What It’s Like to Dive With a Walrus
Danger is involved every time you swim with a walrus. It’s a managed danger — you choose the right animal on the right day, and the right animals are neither scared nor aggressive. This isn’t something that can ever be rushed. One of my best encounters was off Canada’s Ellesmere Island. A group of 15 walruses was swimming past divers I was leading on an Arctic Kingdom trip.
In general, walruses are social, surviving as a family unit, so seeing them in groups is a good sign. Then two broke from the pack — called an ooglid — and headed in our direction.
In the water, walruses are much faster than you’d think
In the water, walruses are much faster than you’d think. As the pair approached, I kept descending to try to maintain the required 300 feet of distance. As I did, all I noticed was the animals’ grace. In that moment, they had what I call cathedral framing, backlit by the sun’s rays.
It was a simple sighting, but that’s the essence of the best encounters — you don’t change the animal’s behavior, you just watch. But seeing a walrus is always a rush, especially considering that this 1,500-pound animal can bear down with its tusks at breakneck speeds. Plus, they have wickedly strong heads, capable of breaking ice up to 8 inches thick. They’re naturally aggressive, both to protect their own from polar bears, and toward each other in acts of dominance. Just their sheer size is amazing: This animal is bigger than a cow. On the surface, it’s Jabba the Hutt; under the ice, it’s a ballerina.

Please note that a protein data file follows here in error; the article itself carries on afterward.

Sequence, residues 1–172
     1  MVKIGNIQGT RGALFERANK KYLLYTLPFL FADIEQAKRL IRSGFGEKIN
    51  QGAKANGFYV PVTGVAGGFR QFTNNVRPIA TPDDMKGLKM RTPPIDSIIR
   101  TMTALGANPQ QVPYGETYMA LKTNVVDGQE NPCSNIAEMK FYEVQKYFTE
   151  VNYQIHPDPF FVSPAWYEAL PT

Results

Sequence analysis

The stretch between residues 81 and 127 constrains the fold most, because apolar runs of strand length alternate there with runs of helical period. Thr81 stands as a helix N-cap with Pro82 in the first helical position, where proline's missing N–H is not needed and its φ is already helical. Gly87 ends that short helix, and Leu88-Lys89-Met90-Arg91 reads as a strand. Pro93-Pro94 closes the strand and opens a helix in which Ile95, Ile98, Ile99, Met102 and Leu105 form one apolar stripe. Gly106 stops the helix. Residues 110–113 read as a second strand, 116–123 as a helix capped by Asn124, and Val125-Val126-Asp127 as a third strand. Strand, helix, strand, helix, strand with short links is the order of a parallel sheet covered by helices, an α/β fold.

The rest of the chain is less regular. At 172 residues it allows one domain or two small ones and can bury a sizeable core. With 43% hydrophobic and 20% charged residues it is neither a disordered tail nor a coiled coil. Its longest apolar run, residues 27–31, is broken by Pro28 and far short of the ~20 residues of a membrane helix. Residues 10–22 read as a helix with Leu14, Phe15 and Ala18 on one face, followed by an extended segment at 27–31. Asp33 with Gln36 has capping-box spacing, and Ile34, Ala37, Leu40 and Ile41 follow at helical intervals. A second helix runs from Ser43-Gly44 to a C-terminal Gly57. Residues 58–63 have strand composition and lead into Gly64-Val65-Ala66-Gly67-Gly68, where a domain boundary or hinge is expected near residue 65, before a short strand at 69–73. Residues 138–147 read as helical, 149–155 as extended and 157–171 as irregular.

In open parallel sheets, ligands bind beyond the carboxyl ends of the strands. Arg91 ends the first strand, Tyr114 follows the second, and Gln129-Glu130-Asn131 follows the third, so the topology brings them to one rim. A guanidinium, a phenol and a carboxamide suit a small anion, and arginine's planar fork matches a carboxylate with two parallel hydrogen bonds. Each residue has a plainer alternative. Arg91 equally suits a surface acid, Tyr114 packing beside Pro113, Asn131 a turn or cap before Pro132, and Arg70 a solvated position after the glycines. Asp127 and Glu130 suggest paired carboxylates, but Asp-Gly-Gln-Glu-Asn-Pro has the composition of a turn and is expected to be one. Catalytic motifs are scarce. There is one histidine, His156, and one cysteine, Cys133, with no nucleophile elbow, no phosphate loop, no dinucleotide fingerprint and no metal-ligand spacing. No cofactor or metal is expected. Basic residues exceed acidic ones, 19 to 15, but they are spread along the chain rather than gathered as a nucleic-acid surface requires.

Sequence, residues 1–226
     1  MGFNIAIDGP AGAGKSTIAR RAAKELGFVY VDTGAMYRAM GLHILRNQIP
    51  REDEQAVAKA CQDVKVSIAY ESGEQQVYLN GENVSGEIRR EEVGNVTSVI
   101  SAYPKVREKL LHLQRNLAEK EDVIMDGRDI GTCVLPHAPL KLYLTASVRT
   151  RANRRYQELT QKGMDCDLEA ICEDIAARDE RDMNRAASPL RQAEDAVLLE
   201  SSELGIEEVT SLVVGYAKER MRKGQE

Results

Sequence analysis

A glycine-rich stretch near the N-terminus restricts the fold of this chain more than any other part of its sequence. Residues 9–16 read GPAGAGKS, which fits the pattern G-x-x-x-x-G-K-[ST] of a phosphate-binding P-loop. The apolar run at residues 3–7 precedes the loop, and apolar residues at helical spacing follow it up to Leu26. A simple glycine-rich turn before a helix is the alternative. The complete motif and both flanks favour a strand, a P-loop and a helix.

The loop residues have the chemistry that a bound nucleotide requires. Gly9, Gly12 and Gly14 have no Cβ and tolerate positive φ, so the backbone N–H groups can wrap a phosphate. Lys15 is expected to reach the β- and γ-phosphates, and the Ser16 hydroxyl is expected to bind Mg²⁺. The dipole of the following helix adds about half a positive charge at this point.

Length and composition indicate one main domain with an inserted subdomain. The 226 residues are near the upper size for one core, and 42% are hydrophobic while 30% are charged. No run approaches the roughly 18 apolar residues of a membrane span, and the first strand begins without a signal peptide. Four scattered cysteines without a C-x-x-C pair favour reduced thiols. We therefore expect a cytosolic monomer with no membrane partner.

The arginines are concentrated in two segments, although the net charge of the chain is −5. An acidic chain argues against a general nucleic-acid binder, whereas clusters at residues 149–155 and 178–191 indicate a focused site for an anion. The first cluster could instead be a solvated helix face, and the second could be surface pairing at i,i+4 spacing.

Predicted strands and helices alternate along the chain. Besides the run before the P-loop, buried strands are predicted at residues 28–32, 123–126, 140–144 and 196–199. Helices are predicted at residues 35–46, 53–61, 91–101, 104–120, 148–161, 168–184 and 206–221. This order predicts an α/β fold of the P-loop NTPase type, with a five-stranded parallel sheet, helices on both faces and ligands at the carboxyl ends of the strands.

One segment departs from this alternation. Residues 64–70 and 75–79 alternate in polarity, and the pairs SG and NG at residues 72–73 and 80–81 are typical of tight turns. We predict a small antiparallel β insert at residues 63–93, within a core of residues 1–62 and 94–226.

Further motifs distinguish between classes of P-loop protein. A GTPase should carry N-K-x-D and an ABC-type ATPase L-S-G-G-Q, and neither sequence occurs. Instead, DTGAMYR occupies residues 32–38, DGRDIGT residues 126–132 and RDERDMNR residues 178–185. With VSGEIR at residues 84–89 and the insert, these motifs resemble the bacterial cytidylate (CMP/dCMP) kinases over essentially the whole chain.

The best part is that they’re just one element of what we call “the bubbling Arctic,” where all the wildlife is together, interacting. A small number of people ever visit these areas, much less see a walrus in the water. But when they do, something is triggered. We call it being bitten by the polar bug. The animals, the remoteness — it’s all very addictive.